As Shakespeare wrote, the course of true love never did run smooth. This has certainly rung true for the recent shake-up of data protection laws.
The need for a policy change arose last October when the European Court of Justice invalidated the U.S.–EU Safe Harbor program. That program had previously permitted relatively free transfer of data from European countries to the U.S. despite the different data privacy standards within the two regions.
Since then the course has been anything but smooth with negotiations for a replacement program resembling more of a tempest than a midsummer night’s dream; bridges were burned and April showers rained on the proposed replacement’s parade. Then last month from Brussels came the announcement that the European Commission has approved the new EU-U.S. Privacy Shield, which will come into immediate effect. But if the course to this new arrangement wasn’t smooth, is the end result something either region can truly love?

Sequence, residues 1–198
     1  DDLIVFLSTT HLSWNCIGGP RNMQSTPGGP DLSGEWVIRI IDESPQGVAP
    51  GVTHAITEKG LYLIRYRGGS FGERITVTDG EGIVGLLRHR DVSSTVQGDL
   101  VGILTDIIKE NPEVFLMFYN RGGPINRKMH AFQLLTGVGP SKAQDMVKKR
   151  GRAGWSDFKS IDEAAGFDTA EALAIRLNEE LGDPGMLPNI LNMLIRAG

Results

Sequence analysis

The new “Shield” contains strengthened protections for EU data subjects. Companies (upon updating their current measures) are required to self-certify compliance with the U.S. Department of Commerce beginning August 1, 2016. Thereafter, the Commerce Department is charged with conducting regular checks on participating companies. Those not in compliance may be removed from the list and face sanctions, limiting their access to EU data. The U.S. administration has made concessions, too; law enforcement’s access to information will be limited, and EU data cannot be subject to indiscriminate mass surveillance. Finally, if data subjects’ complaints cannot be resolved domestically, the framework envisages joint investigations between the EU member state’s data protection authority and the Federal Trade Commission.
U.S. companies may not be overly enamored with the stronger obligations imposed on them in this particular play’s latest act, and there are concerns the European Court of Justice may give the whole performance poor reviews. But at least companies now have clearer guidance to follow, and it is too early to assess the plan’s effectiveness. In these midsummer nights, perhaps we’ll sleep on that thorny question. But even if true love hasn’t been the ultimate product, let’s hope that the course of data transfer, at least, will now be smooth.
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